Australia: Hark the Herald angels sing — your complete guide to the festive season Downunder.
Advent: One of the oldest traditions of Christmas, in which the older generation get to vent their frustration at the commercialisation of the festive season, as expressed in the Ads. An event which is renewed by the changing nature of Christmas, Advent now involves parents complaining about how presents used to be made from a better grade of plastic.
Bethlehem: The birthplace of Jesus, who brought peace on earth and goodwill to all men. Located in a disputed area between Israel and the Palestinian Territories, just next door to Iraq.
Boxing Day: Traditionally the day after Christmas, both that in which unwanted gifts are rewrapped to be exchanged and the point in the holiday season in which tired and hungover relatives sharing the same house start punching each other.
Bush Christmas: Surprise bombing of Iran.
Christmas Eve: The unhappily married female colleague at the office party who, as you pause to take out photos of the triplets, asks you to pull out a loose thread from her skirt with your teeth, your hands being full and all.
Traditional Carol: Irritating, bossy relative who insists on digging up some obscure Christmas tradition and imposing it on the entire family, i.e.,This year, as they do in Bratislava, we'll hit the small children with badgers and drink cheese through straws to signify the birth of the Saviour.
Charades: Behaviour relatives display towards each other from December 24-26.
Christmas Cracker: The office-bound relative who harbours ambitions to a career in stand-up comedy and helpfully relieves tension by telling jokes for six days straight.
Epiphany: The 12th day after Christmas, traditionally the moment when you feel a sudden and all-encompassing awareness, such as the recollection that your office has a glass wall (see Christmas Eve; everyone else did).
Hanukkah, Chanuakah, C'hanakkah: A trio of Jewish celebrations held on the same day close to Christmas. A Jewish theologian has this to say about it:It's a very important celebration to do with the temple or something, or maybe it's Egypt. Can I call you back?Orthodox and reformed Jews call it the Festival of the Seventh Night, while Liberal Jews term it Christmas.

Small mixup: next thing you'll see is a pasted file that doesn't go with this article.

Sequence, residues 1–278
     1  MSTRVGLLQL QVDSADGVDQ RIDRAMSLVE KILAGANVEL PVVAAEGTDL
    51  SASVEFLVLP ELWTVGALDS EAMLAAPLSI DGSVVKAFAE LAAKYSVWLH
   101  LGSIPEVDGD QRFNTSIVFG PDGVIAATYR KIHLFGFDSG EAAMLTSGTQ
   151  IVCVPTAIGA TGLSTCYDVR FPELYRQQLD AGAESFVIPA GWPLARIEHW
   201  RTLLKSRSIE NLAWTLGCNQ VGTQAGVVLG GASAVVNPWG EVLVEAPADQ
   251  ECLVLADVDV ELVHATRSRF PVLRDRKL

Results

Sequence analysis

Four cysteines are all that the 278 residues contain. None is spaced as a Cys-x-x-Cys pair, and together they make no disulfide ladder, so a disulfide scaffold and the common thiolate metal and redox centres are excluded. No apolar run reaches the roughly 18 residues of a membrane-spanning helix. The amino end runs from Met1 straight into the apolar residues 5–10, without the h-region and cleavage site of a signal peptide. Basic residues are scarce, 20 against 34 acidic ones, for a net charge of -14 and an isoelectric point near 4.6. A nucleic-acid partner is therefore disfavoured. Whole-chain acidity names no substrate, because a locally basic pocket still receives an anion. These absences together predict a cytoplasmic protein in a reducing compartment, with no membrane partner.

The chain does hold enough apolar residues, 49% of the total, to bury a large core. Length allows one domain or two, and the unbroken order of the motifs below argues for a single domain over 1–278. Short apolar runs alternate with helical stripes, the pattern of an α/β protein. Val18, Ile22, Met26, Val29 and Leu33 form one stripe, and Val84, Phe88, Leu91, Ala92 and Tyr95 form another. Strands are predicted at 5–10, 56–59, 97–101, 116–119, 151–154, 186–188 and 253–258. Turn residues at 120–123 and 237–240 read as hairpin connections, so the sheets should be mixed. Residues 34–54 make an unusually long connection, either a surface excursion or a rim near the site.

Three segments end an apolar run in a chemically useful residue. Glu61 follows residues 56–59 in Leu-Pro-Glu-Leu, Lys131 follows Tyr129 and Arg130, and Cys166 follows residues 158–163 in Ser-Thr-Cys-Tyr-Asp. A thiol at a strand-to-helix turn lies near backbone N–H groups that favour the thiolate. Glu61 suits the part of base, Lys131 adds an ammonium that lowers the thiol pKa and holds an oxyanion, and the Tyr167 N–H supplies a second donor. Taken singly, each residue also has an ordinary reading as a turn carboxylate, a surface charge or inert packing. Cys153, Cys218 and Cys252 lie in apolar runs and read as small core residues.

Manger: Makeshift accommodation lined with straw and smelling of domestic animals. It is now thought that Mary and Joseph were staying in a friend's son's bedroom.
Kwanzaa: A ceremony of African origin, developed by African-Americans as a Christmas equivalent. However, critics accuse it of having none of the depth and real tradition of the Christmas celebration as rooted in Coca-Cola advertising campaigns of the 1920s.
Nativity Scene: Ugly three-way confrontation that occurs in September (see Christmas Eve).
Prince Albert: The man responsible for popularising much of the Christmas activities which we now regard as traditional; also what your 16-year-old daughter announces she got her boyfriend as a present this year.
Santa's Little Helper: The big fat one you toke out back before diving into the second hour of the conversation about how great Pauline Hanson is.
Season's Greetings: Get out of the way ... That's mine ... Get out of the #%@! way ... I wanted the deluxe model ... Get out of the #%@! way you *&##$@! &!ing $$%! ... Go ##@!$@#! %$%!@#*&;! @$#!
The Turkey: Kim Beazley.
Stuffing: Simon Crean.
The Pudding: Sweet, suety mass set alight and then carved up wi ... Yes, you're way ahead of me, it's Beazley again.
Three Wise Men: Traditional Christmas figures, whose title derives from the fact that they spent the entire holiday season away from home. The wise men brought gifts to the infant Jesus, which consisted of:
Gold: Traditional present for an infant in 0th century Judea, although many complained it was a poor substitute for a jewel-encrusted ark of the covenant or the head of Salome (see Advent).
Frankincense: Low-rent Babylonian fragrance, the equivalent of picking up a stick of Brut 33 on Christmas morning and wrapping it in the car.
Myrrh: Actually the third wise man was drunk and this was not a gift, simply the only thing he said all night. Experts believe he may have brought a Black and Decker workbench.
Yuletide Log: That which is passed on December 27, after the ingestion of eight pounds of turkey, stuffing and Kim Beazley.
I'd recommend adding some hard core sun block and your favourite hangover cure to the list.
Wiser men decided that it was time to skip the pudding - The Sydney Morning Herald, 6th December 2003.